Bible Affirming Truth

King’s Highway

The King’s Highway is referred to as the long and meandering road running north-south in Jordan. It was the scene of battles since prehistoric times. In the Roman period it was called Via Regia. Emperor Trajan rebuilt and renamed it to Via Traiana Nova. He built fortifications in the desert in the province of Petra, stretching over 1,500 kilometers from Syria to Palestine. Today, part of it is a simple byway, often rutted and narrow, which follows the contours of the rolling hills above the Dead Sea rift. Highway 35 & 15 follow this route, connecting Irbid in the north with Aqaba in the south. It also runs through fields and small towns, linking a series of springs and following the line of maximum hilltop rainfall. The southern part crosses several deep wadis, making it a highly scenic, curvy and low-speed driveway.

The King’s Highway (red lines) from Egypt to the Fertile Crescent passing through Jordan (Wikipedia)

The King’s Highway is also referred to an important trade route in the ancient Near East connecting Africa with Mesopotamia. After the Muslim conquest of the Fertile Crescent in the 7th and until the 16th century, its northern section was the darb al-hajj or pilgrimage road for Muslims from Syria, Irag and beyond heading to the Islam holy city of Mecca.

The King's Highway is alluded to in Genesis 14, which recounts how an alliance of four kings (Amraphel king of Shinar, Arioch king of Ellasar, Chedorlaomer king of Elam, and Tidal king of Goiim) marched along the highway toward the Valley of Siddim from the north to battle against another alliance of five kings (Bera king of Sodom, Birsha king of Gomorrah, Shinab king of Admah, Shemeber king of Zeboiim, and the king of Bela).

It’s also mentioned in Numbers 20:17 & 21:22 as “the king’s road” that the Israelites, after leaving Kadesh in their Exodus journey requested right of way from the King of Edom, but were refused. They even offered to pay for any water their cattle drank. Still the Edom King refused them passage and advanced against them with a large and heavily armed force, vowing that he would attack them if they used the road. After making a detour to the Transjordan area between River Arnon and River Jabbok, they made the same request to Amorite King Sihon, and for the second time on the same road they were denied passage. King Sihon engaged them in battle at Jahaz, where they won "by the edge of the sword". As a result, they gained control in that land and north of it. The tribes of Manasseh (eastern half), Gad, and Reuben subsequently settled in those territories.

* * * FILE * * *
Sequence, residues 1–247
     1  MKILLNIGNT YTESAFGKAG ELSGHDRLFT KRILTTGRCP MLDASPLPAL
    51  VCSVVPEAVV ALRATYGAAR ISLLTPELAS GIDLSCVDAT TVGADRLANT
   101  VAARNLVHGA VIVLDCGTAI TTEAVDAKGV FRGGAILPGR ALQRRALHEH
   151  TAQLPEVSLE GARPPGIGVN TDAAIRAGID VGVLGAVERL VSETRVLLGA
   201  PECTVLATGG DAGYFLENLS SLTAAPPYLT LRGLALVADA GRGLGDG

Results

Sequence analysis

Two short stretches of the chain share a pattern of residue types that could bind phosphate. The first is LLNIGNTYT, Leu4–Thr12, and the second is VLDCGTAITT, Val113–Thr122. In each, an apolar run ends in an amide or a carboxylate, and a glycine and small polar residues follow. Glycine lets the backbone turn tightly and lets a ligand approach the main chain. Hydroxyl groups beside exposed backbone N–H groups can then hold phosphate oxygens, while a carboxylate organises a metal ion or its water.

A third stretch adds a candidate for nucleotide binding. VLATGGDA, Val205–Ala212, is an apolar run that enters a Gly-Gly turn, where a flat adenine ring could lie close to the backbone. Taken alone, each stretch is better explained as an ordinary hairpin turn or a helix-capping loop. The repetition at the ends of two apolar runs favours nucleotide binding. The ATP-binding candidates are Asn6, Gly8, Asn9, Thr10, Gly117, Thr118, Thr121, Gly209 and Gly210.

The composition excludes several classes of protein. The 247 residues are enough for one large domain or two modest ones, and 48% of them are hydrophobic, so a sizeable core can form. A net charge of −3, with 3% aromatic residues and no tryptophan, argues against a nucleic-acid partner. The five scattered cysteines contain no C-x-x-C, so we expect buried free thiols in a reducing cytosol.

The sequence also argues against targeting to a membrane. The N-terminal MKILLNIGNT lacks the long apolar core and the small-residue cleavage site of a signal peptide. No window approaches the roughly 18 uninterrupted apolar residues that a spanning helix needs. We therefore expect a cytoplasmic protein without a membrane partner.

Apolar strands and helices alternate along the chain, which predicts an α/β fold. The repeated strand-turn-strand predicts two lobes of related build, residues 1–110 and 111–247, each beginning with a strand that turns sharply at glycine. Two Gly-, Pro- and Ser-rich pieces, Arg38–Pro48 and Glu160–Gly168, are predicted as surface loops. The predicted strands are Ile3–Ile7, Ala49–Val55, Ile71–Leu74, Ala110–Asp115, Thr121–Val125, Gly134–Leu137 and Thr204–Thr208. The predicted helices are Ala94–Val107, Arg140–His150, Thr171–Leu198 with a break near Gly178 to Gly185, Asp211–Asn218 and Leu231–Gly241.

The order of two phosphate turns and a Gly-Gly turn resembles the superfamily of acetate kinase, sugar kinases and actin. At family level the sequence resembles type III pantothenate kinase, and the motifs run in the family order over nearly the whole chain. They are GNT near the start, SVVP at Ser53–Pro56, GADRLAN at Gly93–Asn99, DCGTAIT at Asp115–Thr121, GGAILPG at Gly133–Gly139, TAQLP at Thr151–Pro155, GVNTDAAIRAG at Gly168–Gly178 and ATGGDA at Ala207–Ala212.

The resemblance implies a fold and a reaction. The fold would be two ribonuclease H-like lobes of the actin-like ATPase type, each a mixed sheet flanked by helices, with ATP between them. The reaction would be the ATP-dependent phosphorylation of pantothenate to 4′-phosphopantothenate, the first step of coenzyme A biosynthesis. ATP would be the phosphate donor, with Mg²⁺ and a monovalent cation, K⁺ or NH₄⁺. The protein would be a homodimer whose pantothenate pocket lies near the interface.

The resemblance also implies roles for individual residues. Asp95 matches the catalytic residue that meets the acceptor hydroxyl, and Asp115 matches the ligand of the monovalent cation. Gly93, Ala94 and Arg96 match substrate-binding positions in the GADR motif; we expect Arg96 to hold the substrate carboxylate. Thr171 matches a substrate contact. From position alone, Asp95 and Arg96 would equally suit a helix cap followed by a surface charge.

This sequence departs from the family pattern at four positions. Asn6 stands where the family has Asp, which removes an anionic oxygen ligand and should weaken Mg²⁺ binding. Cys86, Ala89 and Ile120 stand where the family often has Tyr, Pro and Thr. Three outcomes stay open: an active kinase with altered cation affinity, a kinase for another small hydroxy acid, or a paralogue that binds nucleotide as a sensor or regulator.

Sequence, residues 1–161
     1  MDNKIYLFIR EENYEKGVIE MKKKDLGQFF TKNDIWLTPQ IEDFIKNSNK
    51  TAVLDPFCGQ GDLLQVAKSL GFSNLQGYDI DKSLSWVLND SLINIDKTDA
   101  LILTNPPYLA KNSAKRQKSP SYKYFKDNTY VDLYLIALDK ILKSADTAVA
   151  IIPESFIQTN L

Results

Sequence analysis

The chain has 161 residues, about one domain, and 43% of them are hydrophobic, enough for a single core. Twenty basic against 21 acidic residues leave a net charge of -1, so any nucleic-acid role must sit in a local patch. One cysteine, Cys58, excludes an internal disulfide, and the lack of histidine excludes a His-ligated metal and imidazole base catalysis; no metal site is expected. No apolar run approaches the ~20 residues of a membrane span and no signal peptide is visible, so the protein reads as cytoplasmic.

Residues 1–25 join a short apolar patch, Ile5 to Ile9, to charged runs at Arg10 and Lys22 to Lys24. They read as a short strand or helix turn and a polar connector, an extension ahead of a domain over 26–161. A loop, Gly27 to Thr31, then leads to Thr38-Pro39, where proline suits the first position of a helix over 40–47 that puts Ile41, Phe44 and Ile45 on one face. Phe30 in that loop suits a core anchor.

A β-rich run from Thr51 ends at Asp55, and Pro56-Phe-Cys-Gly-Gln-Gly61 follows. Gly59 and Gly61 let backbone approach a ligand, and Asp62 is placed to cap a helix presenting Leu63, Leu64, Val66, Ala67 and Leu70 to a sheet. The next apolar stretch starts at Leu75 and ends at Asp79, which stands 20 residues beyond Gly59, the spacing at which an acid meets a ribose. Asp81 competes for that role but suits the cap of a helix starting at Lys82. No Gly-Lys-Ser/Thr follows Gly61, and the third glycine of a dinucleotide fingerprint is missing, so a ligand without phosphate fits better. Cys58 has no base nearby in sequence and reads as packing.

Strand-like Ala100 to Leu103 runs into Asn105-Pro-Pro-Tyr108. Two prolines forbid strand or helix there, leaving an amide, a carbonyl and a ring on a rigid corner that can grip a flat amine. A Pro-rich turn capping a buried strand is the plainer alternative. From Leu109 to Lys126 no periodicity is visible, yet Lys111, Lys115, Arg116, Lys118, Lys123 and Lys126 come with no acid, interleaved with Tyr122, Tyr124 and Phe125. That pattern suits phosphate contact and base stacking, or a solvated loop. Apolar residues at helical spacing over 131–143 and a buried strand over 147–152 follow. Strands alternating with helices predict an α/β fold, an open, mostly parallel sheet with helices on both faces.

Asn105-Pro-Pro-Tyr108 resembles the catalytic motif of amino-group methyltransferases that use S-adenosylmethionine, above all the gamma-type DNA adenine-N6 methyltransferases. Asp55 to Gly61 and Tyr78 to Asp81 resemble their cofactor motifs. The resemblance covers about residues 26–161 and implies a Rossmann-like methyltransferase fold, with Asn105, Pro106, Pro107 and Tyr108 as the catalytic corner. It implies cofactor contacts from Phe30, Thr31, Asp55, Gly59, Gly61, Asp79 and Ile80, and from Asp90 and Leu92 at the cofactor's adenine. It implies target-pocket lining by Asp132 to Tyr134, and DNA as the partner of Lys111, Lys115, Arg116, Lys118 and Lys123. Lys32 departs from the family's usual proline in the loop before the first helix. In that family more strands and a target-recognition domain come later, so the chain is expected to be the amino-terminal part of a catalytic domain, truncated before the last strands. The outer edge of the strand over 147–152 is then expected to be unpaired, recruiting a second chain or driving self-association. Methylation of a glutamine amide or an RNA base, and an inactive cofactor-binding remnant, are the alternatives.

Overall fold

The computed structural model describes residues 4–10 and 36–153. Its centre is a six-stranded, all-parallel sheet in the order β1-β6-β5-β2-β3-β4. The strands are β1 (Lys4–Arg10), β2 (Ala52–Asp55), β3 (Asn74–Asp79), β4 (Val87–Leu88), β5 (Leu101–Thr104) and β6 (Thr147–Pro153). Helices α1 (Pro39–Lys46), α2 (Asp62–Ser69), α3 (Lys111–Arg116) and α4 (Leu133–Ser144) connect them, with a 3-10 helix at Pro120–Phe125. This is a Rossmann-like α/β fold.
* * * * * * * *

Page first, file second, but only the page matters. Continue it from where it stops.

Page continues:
Many of the wars of the Israelites against kingdoms of the trans-Jordanian highlands during the period of the Kingdom of Israel (and its sister-kingdom, the Kingdom of Judah) were probably fought, at least in part, over the control of the Highway.

Centuries old pebbles along the King’s Highway near Ma-an, Jordan (taken by the author on 4-11-2018)

The Nabateans, from their power base in Petra, used it to trade luxury goods between Arabia and Syria. When the Romans annexed the Nabatean kingdom, the road was renovated to facilitate travel and communications between his regional capital at Bosra, now in southern Syria, and Aqaba on the Red Sea coast. Early Christian pilgrims visited a number of sites along and near the road in Madaba, whose beautiful Byzantine mosaics still merit a pilgrimage today.

Walled mosaic map of the King’s Highway in Madaba, Jordan (taken by the author on 3-11-2018)

The Crusaders used the King’s Highway as the linchpin of their Oultrejourdain Kingdom, fortifying positions along the road at Karak and Shobak – where extensive remains of castles survive – and also at Petra and Aqaba. However, with the development by the Ottomans of the faster and more direct Darb al-Hajj, from Damascus to Medina and Mecca through the desert further east – and the subsequent construction of both the Hejaz Railway and the modern Desert Highway along the same route – the King’s Highway faded in importance. It was only asphalted along its entire length in the 1950s and 1960s.

Church of St George, Madaba, Jordan with mosaic map on the floor for the early pilgrims (taken by the author on 3-11-2018)

From Madaba turning south, the Highway meanders up and down across several valleys east to Dead Sea, including the dramatic canyon of Wadi Mujib (Arabic: وادي الموجب, Wadi al-Mujeb), also known as Arnon River (Hebrew: נַחַל ארנון). People traveling on the King’s Highway can see a vast gash in the barren landscape, cutting through 1,200m of altitude from the desert plateau in the east all the way down to the Dead Sea in the west.